Always pre-cook the hot dogs and then let them cool to the point that you can insert your sticks.  Coat the hot dogs with the mix, smoothing the mix as you go.  Place the coated hot dogs in a pre-heated heavy frying pan with a enough canola or olive oil to coat the bottom of the pan.  Cook on each side just long enough to brown.  I you try to turn too early the coating will crack, be gentle and use a spatula to loosen them from the pan before turning.  I usually roll the dogs by quarters, taking 4 turns before they are fully done.  Let them drain on a paper plate, paper towels or a clean white dish cloth before serving.

For a reduced fat and cholesterol version bake the hot dogs in a 400 degree oven for about 12 minutes. (Watch them closely, so they don’t burn!) It still provides a nice crunchy breading but with fewer calories and less cholesterol!

Shannon Penrod is the host of Everyday Autism Miracles a talk radio show about Autism.  The show airs weekly on Fridays a 2pm Eastern Time, 1pm Central Time, Noon Mountain Time and 11am Pacific Time on Toginet Radio.  To call into the live show dial 877.864.4869. To download the free podcast click here or visit  iTunes.

Yeast, Autism and Sugar, Connecting the Dots

May 6, 2010 at 9:30 pm | Posted in Birthday Parties, GFCF, Yeast | 2 Comments
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By Shannon Penrod

I’m very fond of saying, “I’m not an Autism expert but I’m an expert in my kid.”  One thing I know for sure, my child’s Autism is related to yeast.  I don’t need to argue it, you don’t have to believe me, but I know it’s true for my child.  I don’t know what’s true for your child.  I know that my child was a normally developing child until he had his first infection and took his first antibiotic.  Then he began to lose language like water running through a sieve.  As a parent it was like watching a car accident in slow motion.  We have been putting the pieces back together ever since. 

We have been extremely lucky; we have a luscious little boy who is a social butterfly, is academically on target and has a divine sense of humor.  However, our son’s ability to connect with the world came at a cost.  There have been countless hours of ABA therapy which have made all the difference in the world, but I can tell you honestly that when my son’s diet isn’t right there is no amount of therapy that can reach him.  At first I thought “diet” just meant GFCF.  Then I realised that I needed to remove potatoes, then corn, that’s when I read about the Specific Carbohydrate Diet.  Since then a lot of foods have been sidelined from my child’s diet.  Here’s the bottom line, anything that can convert to sugar in my child’s system leads to erratic, compulsive, crazy behavior.  Give my kid an orange and one hour later he’s like a drunk who stayed at the party way too long.  Sometimes he is the happy drunk, other times maudlin, or aggressive, or simply “checked out”.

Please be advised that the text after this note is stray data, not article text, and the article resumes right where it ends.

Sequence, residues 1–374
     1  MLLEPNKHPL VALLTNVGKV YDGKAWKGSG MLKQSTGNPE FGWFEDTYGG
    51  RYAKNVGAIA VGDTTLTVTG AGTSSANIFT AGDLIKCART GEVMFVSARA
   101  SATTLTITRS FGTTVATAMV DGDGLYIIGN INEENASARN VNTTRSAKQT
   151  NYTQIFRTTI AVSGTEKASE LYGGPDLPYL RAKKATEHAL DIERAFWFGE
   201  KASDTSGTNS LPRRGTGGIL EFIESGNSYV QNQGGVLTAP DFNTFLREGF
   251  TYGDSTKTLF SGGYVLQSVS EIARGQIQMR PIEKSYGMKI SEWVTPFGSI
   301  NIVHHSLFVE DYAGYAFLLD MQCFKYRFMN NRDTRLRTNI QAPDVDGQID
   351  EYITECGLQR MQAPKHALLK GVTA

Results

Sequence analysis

Sugar feeds yeast.  Yeast is a living thing, it grows when fed.  Here is sucky part, if you don’t feed it, it grows too.  If you starve yeast it grows in an attempt to save it’s self.  This is known as “die off”.  It’s why when you pull sugar out of your kid’s diet they are even more miserable for a while.  It’s hard enough to make the decision to limit your child’s diet and to prevent them from having all the “fun” crap (this is the appropriate technical term for non nutritive, colorful, sugar laden food) that we all enjoyed as kids, it is even harder to stick to the decision when your child’s behavior worsens as a result.  I know for me it was the seventh ring of hell.  Fortunately when I was at the end of my rope, a friend explained die off to me and told me to hang on a little longer.  Four days later I was able to have my first conversation with my child.  I can tell you that there is nothing better than being able to converse with my child.  Sure there is always a moment at birthday parties when they haul out the cake and I have a twinge of regret that my child doesn’t get to participate in the fun.  But then I thank God for the fact that it isn’t a peanut allergy and I remind myself that he can have his cake or he can be a part of the world around him.  That’s when I hand him a gluten free, sugar free cookie with no artificial sweeteners or colors and I watch him talk to his friends. 

It took me a long time to connect the dots but I’m glad I did.  If yeast is an issue for you, I strongly urge you to look at the sugars (natural and otherwise) in your child’s diet.

Shannon Penrod is the host of Everyday Autism Miracles on the HerInsight Network.  She is an author, speaker and coach and most importantly the mother of a six year old recovering from Autism.  You can subscribe to the free podcast of Everyday Autism miracles on iTunes or download it here.